University of Glasgow ramps up its response to the climate emergency

A commitment to achieve net-zero greenhouse gas emissions by 2030 is the headline measure in the university’s new climate strategy

The University of Glasgow is the latest HE institution to ramp up its reaction to the climate emergency, including a headline commitment to achieve net-zero greenhouse gas emissions by 2030.

“There’s a clear demand from students and staff that we go further and faster,” said Professor Daniel Haydon, co-chair of the sustainability working group that produced Glasgow Green: The University of Glasgow’s Response to the Climate Emergency.

Published yesterday (November 30), the strategy outlines five key areas in which to act:

  • Engaging and empowering the community Including increased support for academics engaged in sustainability research, developing an eco-hub, and instigating green careers fairs
  • Promoting efficiency Drives to improve energy use and climate resilience will be augmented by deploying new renewable energy generation tech, as well as cutting travel through increased use of remote communication
  • Governance and policy Putting sustainability at the centre of top-level decision-making, plus a review of current environmental policy, further disinvestment in fossil fuels and reduction of business travel, and showcasing the university’s research output and impact when Glasgow hosts COP26 next year
  • Continuous improvement initiatives A series of undertakings to reduce waste, such as improving internal recycling facilities, removing single-use plastics from catering operations, and expediting attempts to make the university’s supply chain sustainable
  • Building resilience through partnerships Including a continuation of the Climate Ready Clyde partnership, raising funds for new projects, and working more closely alongside fellow universities and national sustainability bodies

The strategy document – echoing a similar plan published by the LSE in October – follows consultations with 1,300 students and staff, wherein opinions were sought via surveys, seminars, discussions at the institution’s senior management group, senate, and student experience committees.

It is vital that we rise to the challenge of shaping a liveable world for future generations – Dr David Duncan, co-chair of the university’s sustainability working group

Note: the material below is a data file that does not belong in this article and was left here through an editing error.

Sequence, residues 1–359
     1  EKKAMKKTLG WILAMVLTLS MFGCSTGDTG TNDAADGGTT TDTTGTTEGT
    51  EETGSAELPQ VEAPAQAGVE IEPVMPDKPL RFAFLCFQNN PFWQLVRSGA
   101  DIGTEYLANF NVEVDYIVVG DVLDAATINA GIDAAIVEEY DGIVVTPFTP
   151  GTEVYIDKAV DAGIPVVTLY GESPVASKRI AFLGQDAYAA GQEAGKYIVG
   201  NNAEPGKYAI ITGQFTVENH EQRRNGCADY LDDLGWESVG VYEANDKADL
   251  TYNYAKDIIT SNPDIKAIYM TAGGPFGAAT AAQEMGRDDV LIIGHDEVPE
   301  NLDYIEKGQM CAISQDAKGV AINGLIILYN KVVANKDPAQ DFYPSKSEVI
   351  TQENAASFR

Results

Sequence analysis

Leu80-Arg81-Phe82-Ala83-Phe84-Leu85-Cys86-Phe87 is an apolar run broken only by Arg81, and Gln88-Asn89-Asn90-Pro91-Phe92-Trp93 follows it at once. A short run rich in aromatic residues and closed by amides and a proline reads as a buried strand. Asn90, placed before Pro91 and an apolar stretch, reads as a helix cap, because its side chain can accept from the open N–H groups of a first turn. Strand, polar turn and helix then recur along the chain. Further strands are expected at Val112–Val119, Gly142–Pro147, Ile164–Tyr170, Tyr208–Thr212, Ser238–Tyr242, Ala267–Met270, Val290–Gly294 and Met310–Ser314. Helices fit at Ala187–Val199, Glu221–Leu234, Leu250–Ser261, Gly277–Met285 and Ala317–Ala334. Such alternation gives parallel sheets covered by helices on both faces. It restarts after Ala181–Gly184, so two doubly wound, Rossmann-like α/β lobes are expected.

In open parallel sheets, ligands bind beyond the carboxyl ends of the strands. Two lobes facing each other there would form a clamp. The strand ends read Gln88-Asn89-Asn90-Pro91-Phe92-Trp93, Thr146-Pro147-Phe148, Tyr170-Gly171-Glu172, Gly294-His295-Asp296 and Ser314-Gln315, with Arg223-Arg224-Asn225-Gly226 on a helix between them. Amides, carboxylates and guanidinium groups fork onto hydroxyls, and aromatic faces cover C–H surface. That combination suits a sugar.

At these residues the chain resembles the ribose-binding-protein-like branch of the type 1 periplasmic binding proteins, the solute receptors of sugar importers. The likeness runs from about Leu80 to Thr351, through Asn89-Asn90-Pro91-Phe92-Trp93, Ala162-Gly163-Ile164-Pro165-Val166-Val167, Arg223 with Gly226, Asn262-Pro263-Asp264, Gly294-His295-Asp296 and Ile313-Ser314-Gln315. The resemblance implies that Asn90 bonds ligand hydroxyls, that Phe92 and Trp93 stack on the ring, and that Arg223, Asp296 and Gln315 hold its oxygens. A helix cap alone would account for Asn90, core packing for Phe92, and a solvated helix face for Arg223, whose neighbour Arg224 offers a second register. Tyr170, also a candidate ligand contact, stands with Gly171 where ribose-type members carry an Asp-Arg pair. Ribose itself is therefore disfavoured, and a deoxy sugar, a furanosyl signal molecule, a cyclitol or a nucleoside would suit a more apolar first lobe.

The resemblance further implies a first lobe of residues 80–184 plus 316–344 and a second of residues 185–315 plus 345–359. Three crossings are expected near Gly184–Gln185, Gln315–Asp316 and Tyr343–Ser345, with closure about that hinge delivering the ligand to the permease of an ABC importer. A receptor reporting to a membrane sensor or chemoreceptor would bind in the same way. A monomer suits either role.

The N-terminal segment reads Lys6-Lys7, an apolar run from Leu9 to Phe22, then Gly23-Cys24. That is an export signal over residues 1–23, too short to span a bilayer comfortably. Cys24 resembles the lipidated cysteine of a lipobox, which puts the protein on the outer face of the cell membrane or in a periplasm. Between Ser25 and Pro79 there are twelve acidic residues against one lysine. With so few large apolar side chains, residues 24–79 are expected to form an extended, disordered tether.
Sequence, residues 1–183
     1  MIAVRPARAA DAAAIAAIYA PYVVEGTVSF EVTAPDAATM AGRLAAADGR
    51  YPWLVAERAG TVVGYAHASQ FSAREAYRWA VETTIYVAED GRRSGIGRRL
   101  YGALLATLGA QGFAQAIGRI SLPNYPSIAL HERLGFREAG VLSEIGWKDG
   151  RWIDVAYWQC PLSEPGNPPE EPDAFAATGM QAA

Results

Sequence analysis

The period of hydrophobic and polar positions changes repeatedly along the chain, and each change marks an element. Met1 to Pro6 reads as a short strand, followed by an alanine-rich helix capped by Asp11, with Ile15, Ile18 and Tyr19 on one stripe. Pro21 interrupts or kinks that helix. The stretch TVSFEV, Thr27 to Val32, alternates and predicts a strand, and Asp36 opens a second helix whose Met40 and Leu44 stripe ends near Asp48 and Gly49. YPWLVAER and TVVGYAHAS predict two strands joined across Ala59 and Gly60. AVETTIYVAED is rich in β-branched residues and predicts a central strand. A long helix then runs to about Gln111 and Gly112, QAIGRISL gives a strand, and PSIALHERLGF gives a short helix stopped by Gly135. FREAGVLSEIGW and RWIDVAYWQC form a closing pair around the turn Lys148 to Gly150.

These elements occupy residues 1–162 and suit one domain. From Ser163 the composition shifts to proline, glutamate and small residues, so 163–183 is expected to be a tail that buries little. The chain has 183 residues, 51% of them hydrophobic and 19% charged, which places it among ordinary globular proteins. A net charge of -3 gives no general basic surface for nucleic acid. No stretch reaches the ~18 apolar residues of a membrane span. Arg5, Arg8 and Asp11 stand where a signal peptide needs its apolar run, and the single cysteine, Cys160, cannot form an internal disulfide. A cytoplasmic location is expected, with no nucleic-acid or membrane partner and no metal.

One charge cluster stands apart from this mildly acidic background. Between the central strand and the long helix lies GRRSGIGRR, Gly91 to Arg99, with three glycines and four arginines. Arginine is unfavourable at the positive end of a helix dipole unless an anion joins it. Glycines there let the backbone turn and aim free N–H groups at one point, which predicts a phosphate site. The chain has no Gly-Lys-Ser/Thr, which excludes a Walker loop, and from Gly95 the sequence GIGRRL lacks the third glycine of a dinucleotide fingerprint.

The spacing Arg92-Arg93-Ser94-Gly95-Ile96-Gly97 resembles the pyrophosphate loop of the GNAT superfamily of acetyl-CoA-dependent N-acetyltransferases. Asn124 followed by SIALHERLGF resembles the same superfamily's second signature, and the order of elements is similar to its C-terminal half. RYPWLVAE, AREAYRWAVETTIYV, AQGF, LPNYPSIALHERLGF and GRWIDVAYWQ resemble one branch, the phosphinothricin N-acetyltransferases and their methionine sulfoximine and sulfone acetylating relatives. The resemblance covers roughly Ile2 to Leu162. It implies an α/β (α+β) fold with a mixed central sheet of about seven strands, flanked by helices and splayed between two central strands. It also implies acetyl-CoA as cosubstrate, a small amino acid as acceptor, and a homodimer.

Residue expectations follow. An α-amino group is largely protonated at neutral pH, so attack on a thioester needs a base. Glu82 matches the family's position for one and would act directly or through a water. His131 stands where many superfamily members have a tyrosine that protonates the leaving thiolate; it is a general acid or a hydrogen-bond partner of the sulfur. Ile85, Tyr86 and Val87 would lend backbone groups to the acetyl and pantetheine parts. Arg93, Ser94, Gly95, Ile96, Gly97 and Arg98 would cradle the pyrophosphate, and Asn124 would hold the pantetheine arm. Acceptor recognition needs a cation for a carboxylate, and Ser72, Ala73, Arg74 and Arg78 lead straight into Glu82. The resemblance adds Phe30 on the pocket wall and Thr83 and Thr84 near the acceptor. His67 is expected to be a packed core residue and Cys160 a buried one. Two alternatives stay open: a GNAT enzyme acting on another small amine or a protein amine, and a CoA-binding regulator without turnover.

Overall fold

“This strategy is a strong commitment from the university to continue to become more sustainable,” said Liam Brady, president of the Glasgow University Student Representative Council.

“Students are well aware of the impact the climate emergency will have on our future, so it’s great to see the university recognise this and come out with this new strategy.”

Glasgow’s new plan builds on commitments already in place, stretching back to a 2016 declaration to divest from fossil fuels within a decade. Between 2015/16 and 2018/19, emissions at its campuses dropped by more than 13%.

Since that 2016 vow, the university has signed the Sustainable Development Goals Accord, declared a climate emergency, and opened its Centre for Sustainable Solutions to support interdisciplinary attempts to nullify the climate threat.


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In bidding to hit its 2030 carbon neutrality target, Glasgow will invest in offsetting programmes such as reforesting land or restoring peatland in Scotland, together with similar projects in low- and middle-income countries around the world.

The plan is not simply for the university to reduce its footprint, but to create opportunities for new research projects.

“Universities have a unique role to play in the fight against climate change,” said Dr David Duncan, co-chair of the sustainability working group.

“We are educators, researchers, and contributors to our local communities. It is vital that we rise to the challenge of shaping a liveable world for future generations.”

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